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Main source: http://en.wikipedia.org/wiki/Inflorescence" last modified 00:26, 19 February 2007.
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An inflorescence is a group or cluster of flowers on a branch of a plant. In botany the term refers to the way individual flowers are arranged on the plant, in which single or multiple flowers develop on the same stem. There are two fundamental terms used to describe the nature of inflorescences:
Determinate - the first flowers of the inflorescence to open are at the top end of inflorescence or terminal. The top flower blooms first.
Indeterminate - the first flowers to bloom are the ones at or near the bottom of the inflorescenes, that is the first flowers start blooming at the bottom of the stem or inside a cluster of flowers.
There are numerous kinds of inflorescences, some characteristic of families or orders of plants. Following is a list of terms used to describe inflorescences with links to examples:
• A corymb is a racemose (see
inflorescence that is flat-topped or convex because the outer pedicels are
progressively longer than the inner ones (see also umbel).
• A cyme is a class of determinate inflorescences characterized by the terminal flower blooming first.
• A head is a dense, indeterminate inflorescence of sessile or subsessile flowers crowded on a compound receptacle; sometimes called a capitulum or pseudanthium. Characteristic of the Asteraceae.
• A panicle is a branched, indeterminate inflorescence with pedicellate (having short floral stalks) flowers on the secondary branches.
• A raceme is an unbranched, indeterminate inflorescence with pedicellate (having short floral stalks) flowers along the axis. Compare with spike.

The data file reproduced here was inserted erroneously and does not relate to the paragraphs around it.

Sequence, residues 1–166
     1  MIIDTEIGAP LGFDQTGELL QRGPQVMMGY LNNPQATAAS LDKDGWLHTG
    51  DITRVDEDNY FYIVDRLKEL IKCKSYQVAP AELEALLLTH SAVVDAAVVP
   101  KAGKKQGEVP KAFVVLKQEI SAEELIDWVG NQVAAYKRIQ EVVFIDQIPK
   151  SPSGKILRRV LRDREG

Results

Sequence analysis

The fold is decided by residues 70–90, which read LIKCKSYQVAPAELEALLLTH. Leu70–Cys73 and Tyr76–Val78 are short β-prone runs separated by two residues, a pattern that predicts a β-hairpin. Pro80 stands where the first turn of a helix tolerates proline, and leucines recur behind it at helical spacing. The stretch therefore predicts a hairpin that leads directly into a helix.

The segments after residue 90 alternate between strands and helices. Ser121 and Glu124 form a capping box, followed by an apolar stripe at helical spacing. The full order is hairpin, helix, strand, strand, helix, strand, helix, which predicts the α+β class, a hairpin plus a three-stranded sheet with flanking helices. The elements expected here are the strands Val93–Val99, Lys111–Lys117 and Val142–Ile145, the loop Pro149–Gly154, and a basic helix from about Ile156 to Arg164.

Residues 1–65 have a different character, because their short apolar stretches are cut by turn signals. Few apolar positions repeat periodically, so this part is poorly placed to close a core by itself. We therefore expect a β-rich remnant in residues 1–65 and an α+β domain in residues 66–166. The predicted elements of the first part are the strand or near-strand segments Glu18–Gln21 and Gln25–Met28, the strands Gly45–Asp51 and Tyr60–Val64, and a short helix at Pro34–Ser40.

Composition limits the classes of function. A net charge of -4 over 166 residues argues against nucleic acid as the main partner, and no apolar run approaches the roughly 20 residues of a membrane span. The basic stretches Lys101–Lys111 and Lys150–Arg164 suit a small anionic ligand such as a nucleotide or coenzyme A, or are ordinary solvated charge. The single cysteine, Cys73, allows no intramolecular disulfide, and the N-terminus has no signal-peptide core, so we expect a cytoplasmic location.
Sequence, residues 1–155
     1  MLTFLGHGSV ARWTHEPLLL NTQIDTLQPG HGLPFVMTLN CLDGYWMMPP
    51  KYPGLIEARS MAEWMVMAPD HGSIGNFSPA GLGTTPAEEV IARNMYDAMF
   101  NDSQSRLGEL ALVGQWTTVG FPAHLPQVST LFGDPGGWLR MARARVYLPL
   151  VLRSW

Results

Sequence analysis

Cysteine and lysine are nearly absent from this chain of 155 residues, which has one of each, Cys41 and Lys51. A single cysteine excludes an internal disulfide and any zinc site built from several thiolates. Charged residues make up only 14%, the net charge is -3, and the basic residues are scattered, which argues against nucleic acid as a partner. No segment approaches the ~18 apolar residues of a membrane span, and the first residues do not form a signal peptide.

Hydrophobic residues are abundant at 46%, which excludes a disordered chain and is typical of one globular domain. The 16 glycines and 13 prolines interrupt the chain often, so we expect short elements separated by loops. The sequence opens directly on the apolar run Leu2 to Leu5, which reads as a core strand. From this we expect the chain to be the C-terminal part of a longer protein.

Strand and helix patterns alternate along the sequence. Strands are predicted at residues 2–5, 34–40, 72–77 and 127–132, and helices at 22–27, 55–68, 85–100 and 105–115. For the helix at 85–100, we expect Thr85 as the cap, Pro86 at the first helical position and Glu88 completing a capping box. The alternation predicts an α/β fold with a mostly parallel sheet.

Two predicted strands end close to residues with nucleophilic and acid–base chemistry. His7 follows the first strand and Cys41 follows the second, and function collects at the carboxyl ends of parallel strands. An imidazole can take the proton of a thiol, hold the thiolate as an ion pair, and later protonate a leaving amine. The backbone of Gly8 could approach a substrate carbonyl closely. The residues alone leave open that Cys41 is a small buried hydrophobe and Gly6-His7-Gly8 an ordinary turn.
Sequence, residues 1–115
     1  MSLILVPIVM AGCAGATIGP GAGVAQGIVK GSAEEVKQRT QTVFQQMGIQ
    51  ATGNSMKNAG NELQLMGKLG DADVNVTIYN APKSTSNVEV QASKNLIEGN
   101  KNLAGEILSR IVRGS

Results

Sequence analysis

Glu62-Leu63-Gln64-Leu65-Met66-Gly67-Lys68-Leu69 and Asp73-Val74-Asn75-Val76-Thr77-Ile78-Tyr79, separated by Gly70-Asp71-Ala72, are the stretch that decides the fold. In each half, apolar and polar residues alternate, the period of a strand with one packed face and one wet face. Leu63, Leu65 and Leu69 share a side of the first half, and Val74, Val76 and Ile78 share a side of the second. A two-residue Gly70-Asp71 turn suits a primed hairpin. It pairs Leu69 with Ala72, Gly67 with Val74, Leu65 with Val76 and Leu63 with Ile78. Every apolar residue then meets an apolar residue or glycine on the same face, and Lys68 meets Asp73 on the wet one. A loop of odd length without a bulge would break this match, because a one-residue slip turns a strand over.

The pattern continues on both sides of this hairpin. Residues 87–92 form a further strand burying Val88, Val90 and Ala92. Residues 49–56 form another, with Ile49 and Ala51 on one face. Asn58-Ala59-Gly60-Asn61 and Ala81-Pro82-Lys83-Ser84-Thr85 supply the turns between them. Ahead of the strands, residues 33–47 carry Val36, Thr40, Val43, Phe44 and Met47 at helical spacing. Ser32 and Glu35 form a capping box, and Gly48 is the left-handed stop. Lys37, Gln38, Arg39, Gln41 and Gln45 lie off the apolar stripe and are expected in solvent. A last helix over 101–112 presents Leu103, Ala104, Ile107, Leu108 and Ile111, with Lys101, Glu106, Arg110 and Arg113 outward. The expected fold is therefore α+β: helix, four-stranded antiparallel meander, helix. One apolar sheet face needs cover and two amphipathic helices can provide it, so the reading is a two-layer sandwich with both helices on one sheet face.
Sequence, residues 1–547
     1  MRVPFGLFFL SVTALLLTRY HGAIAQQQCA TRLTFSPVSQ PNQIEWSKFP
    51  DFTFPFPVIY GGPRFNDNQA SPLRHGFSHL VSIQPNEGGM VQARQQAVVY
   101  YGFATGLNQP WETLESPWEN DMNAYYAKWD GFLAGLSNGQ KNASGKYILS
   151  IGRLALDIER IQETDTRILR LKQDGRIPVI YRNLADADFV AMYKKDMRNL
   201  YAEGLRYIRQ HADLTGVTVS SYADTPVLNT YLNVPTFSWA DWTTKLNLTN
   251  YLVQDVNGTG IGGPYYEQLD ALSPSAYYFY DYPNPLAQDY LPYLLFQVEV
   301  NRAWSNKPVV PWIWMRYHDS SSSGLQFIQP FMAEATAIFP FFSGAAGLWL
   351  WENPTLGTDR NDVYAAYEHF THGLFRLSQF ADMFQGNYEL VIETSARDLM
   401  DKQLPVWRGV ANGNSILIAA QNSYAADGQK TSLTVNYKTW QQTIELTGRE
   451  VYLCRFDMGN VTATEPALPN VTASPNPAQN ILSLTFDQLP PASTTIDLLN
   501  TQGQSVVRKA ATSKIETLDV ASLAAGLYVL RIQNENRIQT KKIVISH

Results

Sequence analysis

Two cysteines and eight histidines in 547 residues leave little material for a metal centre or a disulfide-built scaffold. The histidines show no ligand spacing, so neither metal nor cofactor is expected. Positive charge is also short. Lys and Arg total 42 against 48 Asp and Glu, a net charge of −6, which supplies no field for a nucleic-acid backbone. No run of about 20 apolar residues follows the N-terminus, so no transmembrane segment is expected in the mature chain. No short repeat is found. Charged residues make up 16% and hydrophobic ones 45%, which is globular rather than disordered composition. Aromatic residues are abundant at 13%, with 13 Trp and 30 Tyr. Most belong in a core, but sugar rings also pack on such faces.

• A spadix is a stalk with flowers densely arranged around it, enclosed or accompanied by a spathe. It is characteristic of the Araceae.
• A spike is an unbranched, indeterminate inflorescence with sessile flowers arranged along the axis. Compare with raceme.
• An umbel is a type of raceme with a short axis and multiple floral pedicels of equal length that appear to arise from a common point. Inflorescence characteristic of the Apiaceae. A compressed cyme is called umbelliform if it resembles an umbel.
Some specialized terms used for inflorescences include:
• Ament - a deciduous, spike like structure with scaly bracts that is
unisexual and the flowers do not have petals.
• Compound - a collection of two or more simple inflorescences aggregated together. e.g., panicle.
• Catkin - a soft spike or raceme, composed of small unisexual flowers. After flowering is finished the structure (catkin) normally falls away as one unit. Birch tree.
• Scorpioid cyme - a cyme which unfolds like a coil, the way a scorpions tall unfolds from under its body. Forget-me-not.
• Solitary - with only one flower in the inflorescence. Many Tulips, Trillium.
• Spike - the flowers are arranged on a single axis and have no pedicels(stems that hold flowers)The flowers are joined close to the stem in a long row.
• Thyrse - compact, densely packed inflorescence that has an indeterminate main axis but is laterally determinate.
• Verticil - the flowers are arranged in clusters around the nodes in whorls. Many plants in the Mint family.
In some plants, especially those in family Proteaceae, the inflorescence may be a complex structure consisting of many smaller inflorescences. For example, Banksia flowers occur in pairs, which are then clustered together to form a dense head. In such cases, the term "inflorescence" may be ambiguous. To deal with this, it has been proposed that a cluster of inflorescences be termed a "conflorescence" or "synflorescence". This terminology has been in use for around 30 years, but has not been widely adopted.
In some plants, the structure that holds the flowers together persists until fruit is formed, resulting in a fruiting structure in which individual fruit are embedded. In such cases, the fruiting stage of the inflorescence is termed an infructescence.
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